Today, Istomin subdued Gilles Muller, Luxembourg's only player in either singles draw, in a rough-and-tumble affair, 6-7 (4), 7-6 (3), 7-5. Istomin approached the net successfully 23 of 29 times and he smacked 12 aces and 39 winners. Clearly, he's not afraid to pull the trigger. All these details and stats take on a greater significance when you understand that the next man in his road is Roger Federer.
Let's wrap it up for today with a new feature; an upset special that we'll choose each day in both draws:
Men: If you're Andy Roddick, it may not be such a bad deal to get Novak Djokovic in the second round. Twenty-nine years old now, and sufficiently slowed to have fallen to No. 21, Roddicks' ability to get to the big dogs this year has been a bigger problem than how he reacts when he finds himself face-to-face with one—as he showed when he upset Federer in Miami.
Some of you will be surprised to read that Roddick holds a 5-3 edge in the head-to-head with Djokovic, but bear in mind that they haven't played since 2010. No matter. Roddick must be happy that he doesn't have to worry about losing to an Edouard Roger-Vasselin or Xavier Malisse at the Olympics (both have beaten Roddick this year) before he can get to the kind of match that can bring out the best in him.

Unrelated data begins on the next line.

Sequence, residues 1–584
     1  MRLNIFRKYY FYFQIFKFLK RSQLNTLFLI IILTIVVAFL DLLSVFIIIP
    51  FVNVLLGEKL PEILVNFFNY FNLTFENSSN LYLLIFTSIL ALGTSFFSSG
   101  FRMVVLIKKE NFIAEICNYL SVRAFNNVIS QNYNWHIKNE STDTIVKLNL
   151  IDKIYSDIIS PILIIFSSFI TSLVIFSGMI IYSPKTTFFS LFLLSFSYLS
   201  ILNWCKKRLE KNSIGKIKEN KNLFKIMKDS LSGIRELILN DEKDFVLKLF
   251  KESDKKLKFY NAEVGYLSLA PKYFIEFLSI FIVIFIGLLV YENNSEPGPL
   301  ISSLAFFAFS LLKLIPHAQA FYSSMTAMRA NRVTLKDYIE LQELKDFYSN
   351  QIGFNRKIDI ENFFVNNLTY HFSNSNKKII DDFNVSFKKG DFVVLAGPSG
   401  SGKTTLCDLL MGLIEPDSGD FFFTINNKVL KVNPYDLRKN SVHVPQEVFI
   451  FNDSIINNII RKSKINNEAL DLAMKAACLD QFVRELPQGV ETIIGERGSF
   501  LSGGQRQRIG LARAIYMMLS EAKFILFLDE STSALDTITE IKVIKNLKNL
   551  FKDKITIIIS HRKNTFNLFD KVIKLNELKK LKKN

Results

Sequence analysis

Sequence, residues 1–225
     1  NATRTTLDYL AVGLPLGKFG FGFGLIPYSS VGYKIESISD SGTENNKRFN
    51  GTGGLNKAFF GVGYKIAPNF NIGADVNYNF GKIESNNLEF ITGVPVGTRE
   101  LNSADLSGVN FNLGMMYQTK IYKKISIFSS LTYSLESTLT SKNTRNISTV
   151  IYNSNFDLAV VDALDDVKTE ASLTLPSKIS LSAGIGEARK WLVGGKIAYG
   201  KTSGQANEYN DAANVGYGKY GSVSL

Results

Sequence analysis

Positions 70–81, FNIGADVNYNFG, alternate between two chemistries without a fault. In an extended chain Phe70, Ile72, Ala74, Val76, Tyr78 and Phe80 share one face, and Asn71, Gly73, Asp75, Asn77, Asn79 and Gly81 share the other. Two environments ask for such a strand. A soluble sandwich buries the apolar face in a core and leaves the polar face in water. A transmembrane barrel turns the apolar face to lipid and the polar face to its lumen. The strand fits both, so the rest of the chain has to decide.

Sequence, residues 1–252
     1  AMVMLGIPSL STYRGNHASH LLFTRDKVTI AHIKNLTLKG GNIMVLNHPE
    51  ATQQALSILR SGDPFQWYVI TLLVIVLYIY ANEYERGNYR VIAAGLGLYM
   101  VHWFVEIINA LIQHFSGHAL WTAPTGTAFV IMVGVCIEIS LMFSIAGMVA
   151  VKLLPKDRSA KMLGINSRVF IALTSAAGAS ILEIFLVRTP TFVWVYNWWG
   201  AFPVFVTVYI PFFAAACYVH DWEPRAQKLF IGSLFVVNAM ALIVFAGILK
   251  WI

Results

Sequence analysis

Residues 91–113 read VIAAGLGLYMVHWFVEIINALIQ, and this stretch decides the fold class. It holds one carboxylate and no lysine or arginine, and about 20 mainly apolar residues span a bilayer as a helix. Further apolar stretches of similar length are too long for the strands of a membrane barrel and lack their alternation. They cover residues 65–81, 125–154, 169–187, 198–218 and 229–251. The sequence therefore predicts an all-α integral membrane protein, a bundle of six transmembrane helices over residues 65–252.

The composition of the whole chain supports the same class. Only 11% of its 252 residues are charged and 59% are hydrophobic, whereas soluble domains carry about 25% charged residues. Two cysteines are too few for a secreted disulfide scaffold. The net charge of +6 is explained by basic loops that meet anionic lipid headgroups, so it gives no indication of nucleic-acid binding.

Roddick must feel plenty of pressure round-by-round these days, but he has no reason to feel any against Djokovic. That could be a powerful weapon against an opponent who has shown signs of unease and a tendency to get distracted and lose control of his game with stubborn and surprising frequency lately.
Women: Heather Watson of Great Britain meets Russia's Maria Kirilenko in a second-rounder tomorrow. I never quite understood Kirilenko's game; I'd watch it and turn away some time later with no impression whatsoever. But that's neither her nor there. Watson is a British girl, so you know she's pumped sky high, and she's coming off a good little run at Wimbledon, where she lost in the third round to runner-up Agnieszka Radwanska.